Let me start with a confession: Despite the fact that I write horror and sell it, I can’t read or watch it. Let’s just say I’m a screamer. Popcorn flies. But the distance I place between myself and horror puts me in an ideal position to talk about the fine line between supernatural horror and dark fantasy. The genres cross more often than you would think, and sometimes, the distinction comes down to a simple question: How badly does it scare you? But in addition to that subjectivity, there are a few factors that can help you decide which genre a fantasy/horror hybrid best clings to. Let’s look at some candidates.
Edward Scissorhands (1990)
One could make a strong argument for Tim Burton’s movie as a horror, partly because it’s a take on the Frankenstein story and partly because Tim Burton is always dark. But Edward’s scissor-hands introduce tragedy to the tale — he can’t touch anyone he cares about without hurting them. As such there’s an element of sadness and longing that runs through the whole movie, so it tends to lean it more towards fantasy.
A Nightmare on Elm Street (1984)
On the other hand, so to speak… this movie features a character like Edward, in that Freddy Krueger has blades for fingers, but he stands firmly in the realm of horror. What’s the difference between Freddy and Eddie? Body count: Freddy Krueger maims and kills throughout the franchise, making it painfully obvious that no one is safe. With Edward, there’s the risk he might hurt someone; with Freddy, it’s a promise.
Shaun of the Dead (2004)
Body count is a good start, but that alone does not a horror make.You can fill a movie with the walking dead, kill the hero’s mother and zombify his best friend, and if the movie is funny enough none of that will scare you. The real key to horror is being terrified. Diffuse that terror with humor, however, and people will happily watch the world end. Shaun of the Dead may deal in zombies, but it’s straight up fantasy.
Night of the Living Dead (1990)
And then there’s the movie on which Shaun of the Dead is based. Here we have pretty much the same body count, and even a little bit of humor. What makes it horror? The gore. Night is a much more visceral movie than Shaun, and even though the two are dealing with the same subject matter, to quote Jason Sizemore of Apex Digest, “Horror is all about the visceral.” If you’ve got more guts than any (sane) human could laugh at, you’re dealing with more a fright flick than a fantasy.
Pan’s Labyrinth (2006)
In Pan’s Labyrith, we start with the death of Ofeila’s father and continue through a war that eventually claims the young girl’s life. The movie has visceral images aplenty — such as the Pale Man, and the toad is terrifying at times — and yet we still don’t tip into horror. What saves it? Even though Ofeila dies at the end, Guillermo del Toro manages to deliver a happy ending for her. And as I’m sure you know, anything that ends with “Happily Ever After” is probably a work of fantasy.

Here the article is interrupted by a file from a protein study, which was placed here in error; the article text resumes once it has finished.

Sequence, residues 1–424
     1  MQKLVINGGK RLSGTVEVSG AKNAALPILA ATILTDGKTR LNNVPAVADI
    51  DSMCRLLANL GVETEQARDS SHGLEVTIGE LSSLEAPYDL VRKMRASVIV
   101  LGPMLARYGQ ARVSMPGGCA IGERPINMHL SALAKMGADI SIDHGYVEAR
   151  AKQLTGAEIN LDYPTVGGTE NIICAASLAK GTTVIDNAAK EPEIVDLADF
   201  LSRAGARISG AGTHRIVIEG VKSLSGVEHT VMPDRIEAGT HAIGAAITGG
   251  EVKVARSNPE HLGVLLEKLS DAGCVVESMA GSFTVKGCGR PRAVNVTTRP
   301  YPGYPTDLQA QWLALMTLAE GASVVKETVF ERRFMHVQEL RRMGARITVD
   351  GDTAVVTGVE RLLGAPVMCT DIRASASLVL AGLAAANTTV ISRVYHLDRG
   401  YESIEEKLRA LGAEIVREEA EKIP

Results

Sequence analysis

Something Wicked This Way Comes (1983)
Similarly, the end of this movie is what saves it from a strict horror label. Though the special effects in Something Wicked are dated, the movie is strikingly effective at delivering tension and fear: The dangers are clear and the story inexorably moves towards doom at the speed of a freight train. Only screenwriter/author Ray Bradbury’s brilliance manages to swerve it back to a happy conclusion, and turn a potential creepshow into a charming coming-of-age story.
Stephen King’s take on teenage angst is just the opposite. The young girl struggling to fit in scenario is rife with life lesson potential. And had the movie ended with, say, a shopping montage instead of a bloodbath, this would have been strictly fantasy. Instead we have a high body count, visceral images of gore and a tragic outcome for everyone involved. If you’re of the opinion that Carrie found some redemption in death, this might qualify as a really twisted dark fantasy. Otherwise, without any sort of release it’s just straight horror.
All right, here’s a tricky one for you to argue about on your own: Firestarter. Taking into consideration the basic elements of body count, visceral images, and tragic ending, do you think Drew Barrymore’s thriller is supernatural horror or dark fantasy?
Mary Robinette Kowal is the winner of the 2008 John W. Campbell Award for Best New Writer and a professional puppeteer. Her first novel, Shades of Milk and Honey, is being published by Tor in 2010.Read More